If passed, the regulations would require manufacturers to report exactly what is in their products, and make electronic cigarettes off-limits to people under 18.
The use of electronic cigarettes, or "vaping", increased in popularity within the past decade and is now a billion dollar industry. Currently, it's not regulated by the U.S Food and Drug Administration (FDA).
Create-a-Cig Employee, Raymond Affleck says "vaping" is safer and healthier compared to smoking cigarettes.
"I understand where you're coming from like 'I don't know what's in that bottle', but at the same time you know we're more than happy to educate people because that's what this is, a learning curve," Affleck said.
In 2009, Congress authorized the FDA to regulate tobacco products, but this did not include e-cigarettes. Recently, the FDA made a proposal to extend their authority.
"With the FDA getting involved we're actually going to have them pre-bottled, which is I think going to help out a lot. I mean if anything, it's going to take away from us having to constantly mix in the store, so kinds of speed up the customer getting in and out," Affleck said.
Once finalized the new regulations would do away with personal in-store mixing. A 'Cali Fruit' at Create-a-Cig in San Angelo would be the exact same at all locations.
Justin Boykin started using e-cigarettes a few weeks ago and says as a customer he would not prefer the new regulations.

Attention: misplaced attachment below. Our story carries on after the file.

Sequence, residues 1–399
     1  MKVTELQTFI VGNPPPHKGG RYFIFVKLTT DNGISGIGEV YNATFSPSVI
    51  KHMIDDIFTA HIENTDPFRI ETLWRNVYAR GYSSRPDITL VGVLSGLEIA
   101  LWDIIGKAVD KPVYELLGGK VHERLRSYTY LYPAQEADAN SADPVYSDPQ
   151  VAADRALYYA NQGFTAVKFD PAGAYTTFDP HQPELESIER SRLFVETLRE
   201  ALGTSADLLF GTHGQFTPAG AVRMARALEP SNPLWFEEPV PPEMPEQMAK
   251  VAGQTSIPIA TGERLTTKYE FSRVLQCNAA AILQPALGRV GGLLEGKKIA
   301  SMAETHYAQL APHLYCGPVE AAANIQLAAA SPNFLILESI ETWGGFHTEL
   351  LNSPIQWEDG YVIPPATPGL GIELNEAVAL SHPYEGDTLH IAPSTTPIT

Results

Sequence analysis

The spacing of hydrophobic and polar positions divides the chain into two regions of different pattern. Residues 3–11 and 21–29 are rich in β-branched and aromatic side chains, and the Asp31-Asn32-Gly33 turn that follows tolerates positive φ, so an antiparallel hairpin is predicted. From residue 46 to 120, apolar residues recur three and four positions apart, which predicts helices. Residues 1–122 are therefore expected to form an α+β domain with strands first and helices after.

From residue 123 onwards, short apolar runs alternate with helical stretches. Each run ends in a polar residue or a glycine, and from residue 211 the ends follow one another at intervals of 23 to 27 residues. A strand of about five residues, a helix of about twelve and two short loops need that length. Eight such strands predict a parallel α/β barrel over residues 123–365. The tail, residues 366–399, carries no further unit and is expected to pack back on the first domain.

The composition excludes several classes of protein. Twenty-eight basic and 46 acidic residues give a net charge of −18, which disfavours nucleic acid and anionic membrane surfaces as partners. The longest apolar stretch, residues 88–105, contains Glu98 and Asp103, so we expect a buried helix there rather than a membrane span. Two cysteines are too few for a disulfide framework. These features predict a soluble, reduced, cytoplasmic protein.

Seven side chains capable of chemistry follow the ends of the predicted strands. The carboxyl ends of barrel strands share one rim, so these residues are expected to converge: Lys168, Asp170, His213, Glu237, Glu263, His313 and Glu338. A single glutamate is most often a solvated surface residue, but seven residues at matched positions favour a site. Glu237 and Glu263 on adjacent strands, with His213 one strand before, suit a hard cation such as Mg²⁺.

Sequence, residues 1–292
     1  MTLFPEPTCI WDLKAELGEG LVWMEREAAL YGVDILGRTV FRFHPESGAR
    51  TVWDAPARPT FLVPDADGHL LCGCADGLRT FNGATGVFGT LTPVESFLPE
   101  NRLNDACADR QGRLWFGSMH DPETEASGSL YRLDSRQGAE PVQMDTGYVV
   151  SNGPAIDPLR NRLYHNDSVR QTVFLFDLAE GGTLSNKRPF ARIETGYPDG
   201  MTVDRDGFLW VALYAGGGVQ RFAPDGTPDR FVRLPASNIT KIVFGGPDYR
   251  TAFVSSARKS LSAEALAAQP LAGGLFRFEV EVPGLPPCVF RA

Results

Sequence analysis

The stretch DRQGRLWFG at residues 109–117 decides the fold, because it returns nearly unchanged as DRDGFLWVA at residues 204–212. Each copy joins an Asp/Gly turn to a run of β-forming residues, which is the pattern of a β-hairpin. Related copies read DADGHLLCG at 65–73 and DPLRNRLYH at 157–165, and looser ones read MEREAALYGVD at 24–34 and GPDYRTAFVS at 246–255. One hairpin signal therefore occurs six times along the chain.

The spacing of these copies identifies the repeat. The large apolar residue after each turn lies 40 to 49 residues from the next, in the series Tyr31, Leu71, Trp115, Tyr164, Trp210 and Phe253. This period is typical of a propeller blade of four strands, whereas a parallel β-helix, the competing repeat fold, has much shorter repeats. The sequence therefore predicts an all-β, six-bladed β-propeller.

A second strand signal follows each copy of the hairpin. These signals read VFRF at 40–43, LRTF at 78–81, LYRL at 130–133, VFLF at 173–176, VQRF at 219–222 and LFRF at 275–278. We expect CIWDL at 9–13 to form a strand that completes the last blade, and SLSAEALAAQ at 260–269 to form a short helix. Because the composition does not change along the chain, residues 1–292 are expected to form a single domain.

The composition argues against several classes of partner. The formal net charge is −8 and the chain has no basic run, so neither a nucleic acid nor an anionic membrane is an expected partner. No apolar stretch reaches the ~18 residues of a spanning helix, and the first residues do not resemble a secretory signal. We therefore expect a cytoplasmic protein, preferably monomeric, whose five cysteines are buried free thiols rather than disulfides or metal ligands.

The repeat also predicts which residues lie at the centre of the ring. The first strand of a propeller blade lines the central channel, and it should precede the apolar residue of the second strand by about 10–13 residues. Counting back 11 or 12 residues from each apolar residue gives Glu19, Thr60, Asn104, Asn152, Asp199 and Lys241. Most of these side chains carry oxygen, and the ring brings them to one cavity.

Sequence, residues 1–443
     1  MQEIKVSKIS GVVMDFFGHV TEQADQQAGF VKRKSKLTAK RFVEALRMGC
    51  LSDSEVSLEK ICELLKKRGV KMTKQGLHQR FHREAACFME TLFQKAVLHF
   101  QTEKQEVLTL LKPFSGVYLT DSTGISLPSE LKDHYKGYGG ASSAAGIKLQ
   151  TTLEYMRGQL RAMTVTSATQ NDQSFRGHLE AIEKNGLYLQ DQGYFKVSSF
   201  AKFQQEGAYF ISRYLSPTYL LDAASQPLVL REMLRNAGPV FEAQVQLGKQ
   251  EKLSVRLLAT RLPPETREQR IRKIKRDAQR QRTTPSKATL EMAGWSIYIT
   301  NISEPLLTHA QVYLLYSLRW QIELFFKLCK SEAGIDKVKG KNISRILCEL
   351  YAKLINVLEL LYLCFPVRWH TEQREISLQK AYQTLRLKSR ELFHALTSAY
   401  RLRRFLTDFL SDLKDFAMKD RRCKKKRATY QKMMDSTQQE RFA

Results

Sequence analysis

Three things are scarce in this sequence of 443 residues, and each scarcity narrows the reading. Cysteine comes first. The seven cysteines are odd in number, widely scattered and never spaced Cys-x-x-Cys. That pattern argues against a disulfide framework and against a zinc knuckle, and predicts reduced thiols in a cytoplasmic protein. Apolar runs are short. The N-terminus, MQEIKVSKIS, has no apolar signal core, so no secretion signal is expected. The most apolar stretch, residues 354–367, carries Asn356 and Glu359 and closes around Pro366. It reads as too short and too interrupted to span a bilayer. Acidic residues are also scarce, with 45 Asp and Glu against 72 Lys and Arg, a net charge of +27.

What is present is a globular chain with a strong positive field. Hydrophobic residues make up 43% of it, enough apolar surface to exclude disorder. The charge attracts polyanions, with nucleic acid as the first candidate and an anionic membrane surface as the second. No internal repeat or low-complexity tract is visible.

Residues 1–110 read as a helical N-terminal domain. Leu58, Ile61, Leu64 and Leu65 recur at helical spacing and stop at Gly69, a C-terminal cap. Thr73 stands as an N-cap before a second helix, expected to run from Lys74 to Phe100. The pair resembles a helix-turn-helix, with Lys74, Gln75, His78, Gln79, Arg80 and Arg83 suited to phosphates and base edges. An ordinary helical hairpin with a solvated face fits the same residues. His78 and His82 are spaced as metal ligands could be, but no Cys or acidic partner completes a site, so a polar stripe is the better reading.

"It's worse because there's no personability with it, you can't personalize what you want," Boykin said.
Affleck says cigarettes can contain up to 4,000 chemicals, but there's only three in e-cigarettes including nicotine which will only be added upon request.
"They're both food materials. You can find them in donuts and pastries and everything like that, so it's not something that people are not really known to," Affleck said.
Affleck says the purpose of e-cigarettes are to convert smokers.
"The goal is for everybody to get down to zero. To where you're just completely nicotine free and eventually set the device down and never touch it again," Affleck said.
These proposals are just the start of a lengthy process that can take months or even years.
The FDA must consider the comments from the public and the electronic cigarette industry before it enacts a final rule.
*The current San Angelo city ordinance prohibits smoking in most public places where a non-smoking sign is posted; this includes the use of electronic cigarettes.